Louis the Sixth of France, Louis the Fat, lay sick in his hunting lodge at Bethizy, whither his bearers had brought him from the unprecedented heat and the fetid odors of the summer in Paris. He was not old - verging on sixty - but he was failing perceptively. The chalky pallor, the bleared vision, the occasional palsy that had long marked him, were attributed to an abortive attempt of his stepmother, Queen Bertrade, to dispose of him by poison in his early years. Latterly he had grown so ponderous that he could no longer mount a horse or stoop to lace a shoe. About him in the sultry room were gathered some of his prelates and barons palatine, chief among them his lifelong friend and counselor, Abbe Suger. A confessor stood by prepared to administer the sacrament in extremis.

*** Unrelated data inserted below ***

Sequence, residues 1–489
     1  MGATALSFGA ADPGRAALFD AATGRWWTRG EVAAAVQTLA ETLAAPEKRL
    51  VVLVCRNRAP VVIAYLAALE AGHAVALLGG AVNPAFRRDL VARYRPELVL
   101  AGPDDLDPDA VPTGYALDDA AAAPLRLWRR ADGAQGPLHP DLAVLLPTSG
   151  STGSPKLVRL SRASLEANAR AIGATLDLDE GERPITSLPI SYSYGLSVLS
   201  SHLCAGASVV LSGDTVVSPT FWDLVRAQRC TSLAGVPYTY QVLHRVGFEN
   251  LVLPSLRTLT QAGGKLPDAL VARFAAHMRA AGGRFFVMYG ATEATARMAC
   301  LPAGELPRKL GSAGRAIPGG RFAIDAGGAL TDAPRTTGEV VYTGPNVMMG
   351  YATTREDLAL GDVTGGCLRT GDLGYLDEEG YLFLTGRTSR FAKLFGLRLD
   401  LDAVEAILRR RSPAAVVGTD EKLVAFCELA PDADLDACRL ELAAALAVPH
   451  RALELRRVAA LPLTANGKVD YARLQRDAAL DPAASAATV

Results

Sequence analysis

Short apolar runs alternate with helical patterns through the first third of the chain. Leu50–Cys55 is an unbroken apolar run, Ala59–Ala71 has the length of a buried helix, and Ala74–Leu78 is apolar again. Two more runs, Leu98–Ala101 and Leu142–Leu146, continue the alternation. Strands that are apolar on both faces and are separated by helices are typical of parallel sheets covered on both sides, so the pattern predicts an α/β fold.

- From Eleanor of Aquitaine and the Four Kings by Amy Kelly